You first read about Balam on ZooBorns here. Now three weeks old, Balam is gaining weight – he currently weighs nearly four pounds – and is developing normally. Balam’s keeper’s say he is becoming more coordinated, more active, and is increasingly aware of his surroundings, and although he still trips over his feet, Balam is developing his own Jaguar "swagger."
Jaguars are native to Central and South America, where they inhabit rain forests and wetlands, often living near rivers. As the top predators in their ecosystem, Jaguars are dependent on sufficient prey levels to sustain themselves. Jaguars populations are shrinking rapidly as forests are destroyed and converted to agricultural use. These magnificent cats once ranged into the southwestern United States as recently as the early 20th century, but hunting and isolation from Central American populations put an end to a viable Jaguar population in the US.
Recently, the National Aquarium’s Conservation team welcomed 51 hatchling Diamondback Terrapins from the aquarium’s site at Poplar Island. After passing their Animal Health exams, these tiny turtles have remained under watchful eyes for a few weeks, making sure they are gaining strength and a healthy appetite.
Photo Credits: National Aquarium
Diamondback Terrapins (Malaclemys terrapin) are native to brackish coastal swamps of the eastern and southern United States. Their range stretches from Cape Cod to as far as the Florida Keys.
In a few weeks, the terrapin hatchlings will be distributed to schools throughout Maryland as part of the National Aquarium’s “Terrapins in the Classroom” program! Through this program, students and teachers are charged with caring for a little turtle all school year. They collect growth data, observe behaviors, learn animal care skills and research the natural history of the species. In late spring, the students release the terrapins back onto Poplar Island. The hatchlings are quarter-sized right now, but throughout the year they grow steadily in a warm, clean classroom tank with all the UVB and basking heat they could want…and without fear of predators!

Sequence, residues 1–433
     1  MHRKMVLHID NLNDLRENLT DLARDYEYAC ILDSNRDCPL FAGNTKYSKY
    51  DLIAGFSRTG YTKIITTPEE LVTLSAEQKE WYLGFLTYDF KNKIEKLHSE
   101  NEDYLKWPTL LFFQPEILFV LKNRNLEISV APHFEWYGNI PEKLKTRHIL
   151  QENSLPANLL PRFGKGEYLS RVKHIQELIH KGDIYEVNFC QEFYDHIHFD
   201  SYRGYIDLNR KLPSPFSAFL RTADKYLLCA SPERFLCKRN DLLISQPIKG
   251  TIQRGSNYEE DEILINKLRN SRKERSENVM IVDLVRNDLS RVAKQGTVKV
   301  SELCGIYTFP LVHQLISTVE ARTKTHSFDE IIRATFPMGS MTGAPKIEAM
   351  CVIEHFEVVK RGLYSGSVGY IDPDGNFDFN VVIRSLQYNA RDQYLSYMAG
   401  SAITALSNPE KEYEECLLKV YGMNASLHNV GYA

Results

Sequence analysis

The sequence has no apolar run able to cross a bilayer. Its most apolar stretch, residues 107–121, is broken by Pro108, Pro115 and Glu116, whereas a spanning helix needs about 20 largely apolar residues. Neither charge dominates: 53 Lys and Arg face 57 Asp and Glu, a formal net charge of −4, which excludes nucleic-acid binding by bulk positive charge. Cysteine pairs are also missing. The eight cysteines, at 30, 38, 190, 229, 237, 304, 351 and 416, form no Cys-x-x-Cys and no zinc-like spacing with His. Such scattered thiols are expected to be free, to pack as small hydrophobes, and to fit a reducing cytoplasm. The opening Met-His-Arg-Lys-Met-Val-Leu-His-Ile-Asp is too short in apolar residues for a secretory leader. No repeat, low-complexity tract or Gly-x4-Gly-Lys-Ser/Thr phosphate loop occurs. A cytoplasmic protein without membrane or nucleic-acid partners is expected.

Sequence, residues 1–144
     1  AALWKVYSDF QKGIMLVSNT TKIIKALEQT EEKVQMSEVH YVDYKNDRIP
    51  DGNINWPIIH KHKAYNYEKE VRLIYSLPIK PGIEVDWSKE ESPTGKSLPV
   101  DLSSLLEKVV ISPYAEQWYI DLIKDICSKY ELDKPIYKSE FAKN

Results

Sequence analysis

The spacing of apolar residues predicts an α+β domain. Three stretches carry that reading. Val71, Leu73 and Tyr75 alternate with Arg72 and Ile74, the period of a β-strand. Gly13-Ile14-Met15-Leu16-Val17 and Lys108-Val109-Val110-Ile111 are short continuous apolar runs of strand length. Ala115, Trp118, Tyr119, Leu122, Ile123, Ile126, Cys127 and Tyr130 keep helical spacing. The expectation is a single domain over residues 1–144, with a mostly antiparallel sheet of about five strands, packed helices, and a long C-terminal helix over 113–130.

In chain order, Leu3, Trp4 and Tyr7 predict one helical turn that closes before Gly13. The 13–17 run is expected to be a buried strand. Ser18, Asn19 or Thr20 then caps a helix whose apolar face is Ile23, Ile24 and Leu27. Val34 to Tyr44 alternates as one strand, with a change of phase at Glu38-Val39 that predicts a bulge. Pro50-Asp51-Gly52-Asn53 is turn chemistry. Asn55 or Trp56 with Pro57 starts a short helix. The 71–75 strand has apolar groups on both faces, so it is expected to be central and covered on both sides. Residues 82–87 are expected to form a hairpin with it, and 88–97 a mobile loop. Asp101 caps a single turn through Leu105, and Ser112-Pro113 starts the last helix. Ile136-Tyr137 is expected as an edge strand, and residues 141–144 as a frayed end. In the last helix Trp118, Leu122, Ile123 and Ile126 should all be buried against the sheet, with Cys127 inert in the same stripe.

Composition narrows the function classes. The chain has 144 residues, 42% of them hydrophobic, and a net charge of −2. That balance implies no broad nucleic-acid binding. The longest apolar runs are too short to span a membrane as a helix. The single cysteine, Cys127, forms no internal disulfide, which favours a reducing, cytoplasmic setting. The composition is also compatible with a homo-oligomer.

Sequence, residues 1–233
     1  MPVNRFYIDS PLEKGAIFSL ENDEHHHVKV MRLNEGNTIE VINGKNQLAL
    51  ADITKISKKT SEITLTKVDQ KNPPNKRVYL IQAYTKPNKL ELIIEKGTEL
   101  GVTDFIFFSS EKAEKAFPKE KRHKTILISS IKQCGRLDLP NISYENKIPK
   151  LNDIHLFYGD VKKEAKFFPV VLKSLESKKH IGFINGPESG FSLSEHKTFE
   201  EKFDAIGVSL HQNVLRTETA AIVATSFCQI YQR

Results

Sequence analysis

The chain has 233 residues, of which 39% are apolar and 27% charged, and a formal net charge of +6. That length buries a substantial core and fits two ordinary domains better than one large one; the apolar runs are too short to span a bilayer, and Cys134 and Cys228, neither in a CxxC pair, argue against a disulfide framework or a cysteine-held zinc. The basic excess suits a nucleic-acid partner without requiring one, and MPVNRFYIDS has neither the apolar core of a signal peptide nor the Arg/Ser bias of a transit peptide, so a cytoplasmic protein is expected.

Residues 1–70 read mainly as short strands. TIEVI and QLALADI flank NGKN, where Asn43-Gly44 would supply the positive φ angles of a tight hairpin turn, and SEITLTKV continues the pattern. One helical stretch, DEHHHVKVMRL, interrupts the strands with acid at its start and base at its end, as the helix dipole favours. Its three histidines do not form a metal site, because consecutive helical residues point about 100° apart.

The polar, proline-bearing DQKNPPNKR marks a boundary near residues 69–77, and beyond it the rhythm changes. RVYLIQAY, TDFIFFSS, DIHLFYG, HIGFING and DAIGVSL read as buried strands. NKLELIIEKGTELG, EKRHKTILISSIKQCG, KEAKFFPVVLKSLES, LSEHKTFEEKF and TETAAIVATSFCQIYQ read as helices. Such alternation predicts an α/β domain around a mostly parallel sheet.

Scientists are studying the impact of this ‘head start’ on adult terrapin populations around Poplar Island. Last year, a female head start terrapin was found nesting on the island for the first time, which is great news!
“Terrapins in the Classroom” is one of many National Aquarium programs that provide a unique, hands-on opportunity for students to form a meaningful connection to the Chesapeake Bay ecosystem. Terrapins are a protected species in Maryland, as well as the state reptile, and their population numbers have stabilized only recently due to the diligence of local experts and supporters.
Cuban Hutias are not commonly seen in zoos, but NaturZoo Rheine has been home to some of these fascinating rodents since the late 1980s. Their current colony, originating from the Munich Zoo, recently increased its size. On September 1, two hutia mothers delivered their young; one birthed twins and the other a single birth.
Photo Credits: NaturZoo Rheine
Also known as Desmarest’s Hutia, the Cuban Hutia (Capromys pilorides) is a species of rodent endemic to Cuba. Weighing up to 19 lbs. (8.5 kg), it is the largest of the extant species of hutia.
They are found in a wide range of habitats throughout Cuba. In northern Cuba, they tend to be centered on areas where mangroves are abundant, and southern populations tend to favor terrestrial habitat.
Cuban Hutias normally live in pairs, but can be found alone or in small groups. They are diurnal and do not burrow. During the night, they rest in hollows of rocks or trees. They are omnivorous, eating mostly bark, leaves and fruit, but they will occasionally take in small vertebrates, such as lizards.
They breed throughout the year with a gestation period of between 110 to 140 days, although peak season is in June or July. They typically produce one to three young. The offspring are precocial, with fur, fully opened eyes and the ability to walk. In captivity, they are known to share nursing and rearing duties of all young within the colony. They are weaned at around five months and reach sexual maturity at about ten months.